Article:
Sometimes we think that children grow up too quickly or maybe that we expect them to become adults sooner than they should. Therefore when they make a mistake that we see as difficulties (such as not doing their homework on time, answering back or speeding) we become agitated causing them to either become angry, withdrawn (move away from you and go to their friends) or feel a high level of anxiety. They either won't talk to you or swear at you.
A child's/adolescent's brain is going through development as much as their bodies are. Therefore their thinking is developing through social experiences and their emotions are on a high including the feeling of excitement when doing a good deed. Now a good deed for somebody young can be different to an adult. A good deed may be motivated through their peers such as stealing and then feeling accepted amongst their friends.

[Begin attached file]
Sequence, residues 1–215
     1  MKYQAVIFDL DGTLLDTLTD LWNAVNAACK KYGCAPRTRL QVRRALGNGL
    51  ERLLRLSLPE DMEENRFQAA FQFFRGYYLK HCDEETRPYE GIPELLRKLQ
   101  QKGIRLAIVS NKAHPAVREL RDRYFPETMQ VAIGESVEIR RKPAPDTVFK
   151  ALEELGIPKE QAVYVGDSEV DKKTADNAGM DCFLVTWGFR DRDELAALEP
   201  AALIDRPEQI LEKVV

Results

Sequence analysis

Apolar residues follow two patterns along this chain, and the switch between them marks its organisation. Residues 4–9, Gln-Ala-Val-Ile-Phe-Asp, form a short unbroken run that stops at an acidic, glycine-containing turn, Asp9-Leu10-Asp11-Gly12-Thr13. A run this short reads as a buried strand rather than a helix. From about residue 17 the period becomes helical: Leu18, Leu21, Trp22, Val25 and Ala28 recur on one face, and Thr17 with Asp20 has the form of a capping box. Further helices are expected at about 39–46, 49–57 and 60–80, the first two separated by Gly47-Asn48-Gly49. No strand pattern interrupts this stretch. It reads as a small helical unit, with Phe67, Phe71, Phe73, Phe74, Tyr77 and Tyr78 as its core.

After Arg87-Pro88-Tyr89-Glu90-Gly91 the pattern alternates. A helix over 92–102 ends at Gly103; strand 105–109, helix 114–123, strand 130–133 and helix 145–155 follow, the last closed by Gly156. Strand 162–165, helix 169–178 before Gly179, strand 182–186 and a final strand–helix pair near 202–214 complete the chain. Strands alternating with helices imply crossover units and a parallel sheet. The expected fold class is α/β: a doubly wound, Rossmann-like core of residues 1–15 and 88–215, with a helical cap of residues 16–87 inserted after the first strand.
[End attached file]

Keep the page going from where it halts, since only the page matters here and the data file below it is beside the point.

Also their abstract thinking is still developing causing the younger people to possibly not make the best choices. Even this may irritate an adult, it is their way of experimenting their social skills and learning about their uniqueness. Therefore even though putting up with a growing child/young adult can seem frustrating and challenging, understanding how to improve parent-child interaction is important to facilitate their growth in a positive direction.
Information on latest research and strategies to improve mental health, trauma symptoms and trauma-informed care for children, young people and adults.